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Adobo is a Filipino dish that’s not hard to love. And with so many variations, depending on the components used, as long as the main ingredients of vinegar, soy sauce, garlic, salt, peppercorns, and bay leaves are present, it all tastes theoretically fine.

One version though of adobo is recently getting some heat and it’s not the good kind. It has garnered all kinds of attention in the international arena no less, all thanks to Uncle Roger.

Uncle Roger is the exaggerated, recipe video-complaining, middle-aged stereotypical Asian uncle character of Malaysian stand-up and comedian Nigel Ng. He’s been known to roast popular Western food personalities like Jamie Oliver for his Egg Fried Rice recipe and Gordon Ramsay who even coolly called him out in one of his recipe videos. Now, he’s placed the hot seat under American chef and television personality, Geoffrey Zakarian and his rendition of our beloved braised Filipino dish.


In the YT video titled “Uncle Roger HATE FOOD NETWORK ADOBO,” Nigel Ng’s famous persona angrily dissects the recipe step-by-step. The first seconds of the video already gave a taste of what kind of adobo it would be—very unusual.

As Uncle Roger further explains to what we Filipinos also already know, [adobo] is a dish that has many variations. Everybody makes it in a different way—so it’s hard to mess up (we cleaned up the translation for this!). Unfortunately, this might not apply to this recipe, according to those who watched it.

Zakarian starts his adobo by marinating chicken thighs with the usual ingredients: less-sodium soy sauce, a bit of vinegar, brown sugar, and ground black pepper. While the ratios of each ingredient used are questionable, they are forgivable since overnight marination is involved. What is surprising though is the new ingredient he brought into the mix: habanero peppers. As Uncle Roger points out, habanero isn’t an indigenous ingredient in the Philippines. If heat is required, we usually put in our usual heating agents like siling labuyo or bird’s eye chili. We’ll let it pass as well since siling labuyo might not have been available during their shooting time.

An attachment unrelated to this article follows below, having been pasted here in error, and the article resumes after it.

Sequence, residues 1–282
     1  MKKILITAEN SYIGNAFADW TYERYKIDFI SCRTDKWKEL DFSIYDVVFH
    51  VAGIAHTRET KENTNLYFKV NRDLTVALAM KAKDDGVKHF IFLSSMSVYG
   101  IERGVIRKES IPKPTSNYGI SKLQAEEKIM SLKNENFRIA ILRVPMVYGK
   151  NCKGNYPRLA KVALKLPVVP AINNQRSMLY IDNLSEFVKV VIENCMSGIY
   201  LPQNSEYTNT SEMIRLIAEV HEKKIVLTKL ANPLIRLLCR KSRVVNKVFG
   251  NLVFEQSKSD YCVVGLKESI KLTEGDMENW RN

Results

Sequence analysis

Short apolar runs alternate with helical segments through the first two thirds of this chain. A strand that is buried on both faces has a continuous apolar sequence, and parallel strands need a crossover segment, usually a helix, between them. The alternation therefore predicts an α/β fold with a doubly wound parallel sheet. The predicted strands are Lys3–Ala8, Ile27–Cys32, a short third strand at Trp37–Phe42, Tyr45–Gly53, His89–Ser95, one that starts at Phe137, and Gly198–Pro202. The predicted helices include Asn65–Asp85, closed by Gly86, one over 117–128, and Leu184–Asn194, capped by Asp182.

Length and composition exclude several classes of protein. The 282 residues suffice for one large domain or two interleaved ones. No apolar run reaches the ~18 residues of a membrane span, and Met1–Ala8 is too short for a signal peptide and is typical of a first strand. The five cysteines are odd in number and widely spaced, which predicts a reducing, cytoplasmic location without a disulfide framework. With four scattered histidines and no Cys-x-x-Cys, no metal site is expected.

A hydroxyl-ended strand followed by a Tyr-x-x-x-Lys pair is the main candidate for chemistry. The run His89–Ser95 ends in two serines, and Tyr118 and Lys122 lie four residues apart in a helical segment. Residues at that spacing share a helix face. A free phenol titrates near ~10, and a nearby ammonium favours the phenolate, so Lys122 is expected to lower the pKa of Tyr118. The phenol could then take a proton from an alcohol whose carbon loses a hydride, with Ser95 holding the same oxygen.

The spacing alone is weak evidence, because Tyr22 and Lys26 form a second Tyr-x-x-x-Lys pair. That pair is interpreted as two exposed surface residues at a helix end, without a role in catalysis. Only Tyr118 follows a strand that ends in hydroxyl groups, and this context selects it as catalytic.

Next, Zakarian proceeds with searing the chicken pieces in a fancy Dutch oven after separating the marinade and the protein. While we’re entertained by Uncle Roger’s irritation with the cooking vehicle used, we don’t think it’s such a mistake to cook it in a Le Creuset. To each his own with this one. May it be a cheap kawali or a 300 USD pot, as long as you don’t burn the food, we’re good.

After searing the chicken pieces and removing them from the pot, Zakarian continues by sautéing a good amount of onion (onions in adobo? Hhhmm…), and one of the biggest sins made in this recipe: putting in a few slivers of garlic. We’re siding with Uncle Roger on this one. Garlic adds the much-needed nuttiness and depth to the flavors of adobo, much like what tamarind and other souring agents bring to sinigang or ginger and lemongrass to tinola. Uncle Roger also speaks the truth for the entire continent: for Asian cooking, garlic is like money—it’s never enough. Lol also on comparing garlic to truffle. With increasing prices right now though, it may seem that way. But that’s another issue.

As Zakarian continues he commits another cooking horror by putting in too much water after deglazing the pan. This part is just downright sad and embarrassing. No one wants watery adobo. Give us the thick, dark-colored thick sauce or even the rendered yet flavorful oils after a good long braising! Mapapalo ka ng lola mo if you do this to her adobo.

By the time Chef Geoffrey is plating his cooked dish, you’d think nothing else can go wrong and it’s smooth sailing from here on out since it kind of looks like any other adobo. But no. He garnishes it with a generous sprinkling of parsley. Ano ba yan. This isn’t pasta or French dish. Bring in fried garlic bits or even slices of hard-boiled egg. Our Filipino ancestors would flip from their graves. To add insult to injury, he serves it with a lemon wedge. Hay. Adobo is supposed to be rich and deep-tasting not herby with a lemony twist. We feel sorry for the hosts who had to consume on cam this watered-down, parsley-loaded, lemon spritzed Chicken Adobo.

In his defense, Zakarian is very much entitled to create his own take of the dish. But, as much as we want to give this Americanized version a chance, it goes against what we traditionally know and love about adobo. Plus, he made the dish during a time when most Americans were still trying to appreciate Filipino cuisine so throwing in the word traditional to describe it would seem that it applies to how it was made as well. Suffice it to say, it didn’t sit well with adobo purists who’ve seen the original upload. And now with Uncle Roger bringing it back to the spotlight, it’s blowing up to a much bigger audience, with almost more than 1.3 million views and counting.

If you feel like Geoffrey Zakarian’s Chicken Adobo is worth the try then please enjoy. On our end, we’ll have to pass on this one have the classic adobo any day.

What do you think of this adobo? Let us know!

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